Chicago Sun-Times (Sunday)



It’s not unusual to see snow on a January day in Chicago, but what are the odds that a blizzard would hit on the same day — Jan. 26 — 11 years apart?

The blizzard of 1967 buried Chicago under 23 inches of snow. Just 11 years later, another blizzard blanketed the city in almost a foot of snow.

Just before the morning rush hour on Jan. 26, 1967, snow began pelting the city and slowing traffic to a crawl, the Chicago Daily News reported. At the time, meteorolog­ists told the paper to expect 4 more inches of snow that evening. About 2 inches had fallen by 7 a.m., but the report did not say how much was on the ground by the afternoon when the paper would have published.

The next day’s paper proclaimed at the top: Record snow — 20.1 inches. The snowfall shattered the previous record of 19.2 inches set March 25-26, 1930, and 16 people had died, many while shoveling snow.

“Thousands were clawing for shelter in hotels, motels and with neighborly hosts at snowclogge­d roadsides,” reporter Donald Zochert said. “Homes and highways were banked with drafts, some 18 feet high.”

A total of 16.4 inches fell on the city on Jan. 26 alone, Zochert said. By the end of the storm, 23 inches would blanket Chicago. Abandoned cars dotted streets and highways, their owners forced to find shelter in schools, offices or stores.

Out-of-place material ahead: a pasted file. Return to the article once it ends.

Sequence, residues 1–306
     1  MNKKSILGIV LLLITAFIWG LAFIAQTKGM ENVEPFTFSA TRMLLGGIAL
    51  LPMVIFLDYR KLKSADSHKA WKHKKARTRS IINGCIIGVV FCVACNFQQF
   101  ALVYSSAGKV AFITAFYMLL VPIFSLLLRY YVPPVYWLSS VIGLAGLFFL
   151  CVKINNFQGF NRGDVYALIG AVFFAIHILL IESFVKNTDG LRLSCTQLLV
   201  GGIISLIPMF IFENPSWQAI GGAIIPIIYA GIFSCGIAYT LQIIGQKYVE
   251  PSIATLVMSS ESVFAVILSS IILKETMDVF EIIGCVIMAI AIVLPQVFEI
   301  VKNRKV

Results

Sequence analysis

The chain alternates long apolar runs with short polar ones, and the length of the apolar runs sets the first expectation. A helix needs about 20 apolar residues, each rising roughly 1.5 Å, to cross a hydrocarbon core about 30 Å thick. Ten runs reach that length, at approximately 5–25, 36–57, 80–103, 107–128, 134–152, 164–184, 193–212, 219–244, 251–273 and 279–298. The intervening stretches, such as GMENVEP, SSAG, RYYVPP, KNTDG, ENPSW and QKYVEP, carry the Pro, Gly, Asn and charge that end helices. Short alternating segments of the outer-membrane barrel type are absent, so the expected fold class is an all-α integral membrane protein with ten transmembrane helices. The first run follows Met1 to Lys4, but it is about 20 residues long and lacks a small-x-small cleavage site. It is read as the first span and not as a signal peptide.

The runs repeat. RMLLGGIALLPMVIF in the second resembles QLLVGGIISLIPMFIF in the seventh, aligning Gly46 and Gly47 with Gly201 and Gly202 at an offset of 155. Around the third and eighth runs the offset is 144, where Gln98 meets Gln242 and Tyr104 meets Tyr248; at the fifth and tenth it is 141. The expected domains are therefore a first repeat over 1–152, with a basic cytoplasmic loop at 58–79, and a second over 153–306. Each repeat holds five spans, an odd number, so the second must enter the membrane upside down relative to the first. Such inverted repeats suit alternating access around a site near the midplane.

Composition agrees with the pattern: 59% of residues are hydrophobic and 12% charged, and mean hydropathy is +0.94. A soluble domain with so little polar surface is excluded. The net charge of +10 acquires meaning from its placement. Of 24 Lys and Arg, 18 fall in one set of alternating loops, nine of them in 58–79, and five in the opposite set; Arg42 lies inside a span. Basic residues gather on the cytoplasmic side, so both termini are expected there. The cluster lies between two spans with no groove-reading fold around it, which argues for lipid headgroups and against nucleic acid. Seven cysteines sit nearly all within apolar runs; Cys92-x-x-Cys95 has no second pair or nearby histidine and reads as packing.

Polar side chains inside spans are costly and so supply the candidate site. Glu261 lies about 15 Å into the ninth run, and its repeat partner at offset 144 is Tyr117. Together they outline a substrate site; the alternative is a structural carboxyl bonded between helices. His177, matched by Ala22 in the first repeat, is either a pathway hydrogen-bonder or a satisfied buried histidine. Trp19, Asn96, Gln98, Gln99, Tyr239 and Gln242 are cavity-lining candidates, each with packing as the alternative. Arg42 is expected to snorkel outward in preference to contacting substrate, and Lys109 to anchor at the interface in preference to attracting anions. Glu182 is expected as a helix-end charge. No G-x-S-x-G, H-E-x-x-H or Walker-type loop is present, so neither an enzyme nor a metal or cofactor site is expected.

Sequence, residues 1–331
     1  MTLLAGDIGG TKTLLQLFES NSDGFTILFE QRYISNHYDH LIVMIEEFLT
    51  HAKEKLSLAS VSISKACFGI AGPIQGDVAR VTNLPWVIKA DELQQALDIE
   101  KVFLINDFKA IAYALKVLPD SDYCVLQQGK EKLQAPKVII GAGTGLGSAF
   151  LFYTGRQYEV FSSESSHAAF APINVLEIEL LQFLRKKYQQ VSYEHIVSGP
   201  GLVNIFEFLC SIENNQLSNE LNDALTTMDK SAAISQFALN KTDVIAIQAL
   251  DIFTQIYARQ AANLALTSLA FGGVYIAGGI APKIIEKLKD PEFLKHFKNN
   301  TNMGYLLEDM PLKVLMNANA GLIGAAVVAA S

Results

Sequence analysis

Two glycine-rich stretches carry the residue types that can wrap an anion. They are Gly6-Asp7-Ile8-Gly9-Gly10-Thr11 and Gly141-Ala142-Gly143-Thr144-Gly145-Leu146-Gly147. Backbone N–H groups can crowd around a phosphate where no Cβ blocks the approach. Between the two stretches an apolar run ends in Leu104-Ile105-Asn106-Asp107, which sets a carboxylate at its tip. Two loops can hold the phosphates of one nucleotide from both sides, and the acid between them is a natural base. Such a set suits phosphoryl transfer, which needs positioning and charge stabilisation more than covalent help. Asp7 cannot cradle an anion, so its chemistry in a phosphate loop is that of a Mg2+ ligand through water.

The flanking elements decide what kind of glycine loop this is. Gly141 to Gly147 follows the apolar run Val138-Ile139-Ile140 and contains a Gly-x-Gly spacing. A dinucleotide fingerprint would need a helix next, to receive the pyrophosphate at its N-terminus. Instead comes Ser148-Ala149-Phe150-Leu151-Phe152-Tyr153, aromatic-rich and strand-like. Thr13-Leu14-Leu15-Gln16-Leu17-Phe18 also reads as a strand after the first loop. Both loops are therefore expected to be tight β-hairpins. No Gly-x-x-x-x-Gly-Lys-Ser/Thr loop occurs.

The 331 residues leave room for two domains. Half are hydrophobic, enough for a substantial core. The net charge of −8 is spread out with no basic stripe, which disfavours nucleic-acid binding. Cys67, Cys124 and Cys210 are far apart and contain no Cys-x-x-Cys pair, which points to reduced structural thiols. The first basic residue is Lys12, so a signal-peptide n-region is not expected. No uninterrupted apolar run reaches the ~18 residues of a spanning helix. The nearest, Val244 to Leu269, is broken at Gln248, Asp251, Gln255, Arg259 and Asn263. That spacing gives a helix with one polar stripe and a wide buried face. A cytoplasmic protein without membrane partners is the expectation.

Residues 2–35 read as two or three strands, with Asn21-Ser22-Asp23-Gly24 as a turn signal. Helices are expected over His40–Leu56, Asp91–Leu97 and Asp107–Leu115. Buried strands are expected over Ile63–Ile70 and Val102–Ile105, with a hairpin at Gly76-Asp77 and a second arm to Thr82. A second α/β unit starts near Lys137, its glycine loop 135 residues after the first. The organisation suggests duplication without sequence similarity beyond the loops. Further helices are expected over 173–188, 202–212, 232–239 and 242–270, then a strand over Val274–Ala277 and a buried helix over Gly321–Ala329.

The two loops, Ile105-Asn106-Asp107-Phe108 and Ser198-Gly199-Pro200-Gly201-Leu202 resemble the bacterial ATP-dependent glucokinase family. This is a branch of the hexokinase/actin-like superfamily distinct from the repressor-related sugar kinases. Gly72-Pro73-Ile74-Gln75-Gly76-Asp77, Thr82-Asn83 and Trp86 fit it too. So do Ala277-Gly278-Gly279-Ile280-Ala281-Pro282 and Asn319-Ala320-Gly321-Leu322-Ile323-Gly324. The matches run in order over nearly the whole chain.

“At least half a dozen babies were born under emergency conditions, at home or after reaching hospitals in squad cars, jeeps and snowplows,” Zochert wrote.

Chicago police closed North Lake Shore Drive “from Hollywood to Randolph St. to prevent any further attempts to use it,” and both O’Hare and Midway airports were closed for a second day, another reporter, Les Hausner, wrote.

“Nothing ran on schedule,” he said. “Not much ran at all.”

Commuters abandoned the expressway­s and attempted to ride the CTA, Hausner said, but with so many extra passengers, trains and services were inevitably delayed.

For those who lived through the ’67 blizzard, the scenes playing out on the front page of the Chicago Daily News on Jan. 26, 1978, must have felt like deja vu.

“The storm threatened to dump up to a foot of snow on the city and suburbs before it cleared out,” reporter Frank Brenman wrote. “The National Weather Service described the blizzard as ‘one of the most intense on record.’ ”

Over 7 inches of snow coated the city and suburbs before dawn, according to Brenman, and 4 more inches were expected later that day. With 45 mph winds creating snowdrifts as high as 5 to 8 feet, schools canceled classes, and even the Stevenson Expressway shut down from “Cicero Avenue west to the DuPage-Cook County line.”

The Chicago Department of Streets and Sanitation unleashed over 300 pieces of snow-removal equipment out onto the streets, Brenman reported, but many remained covered.

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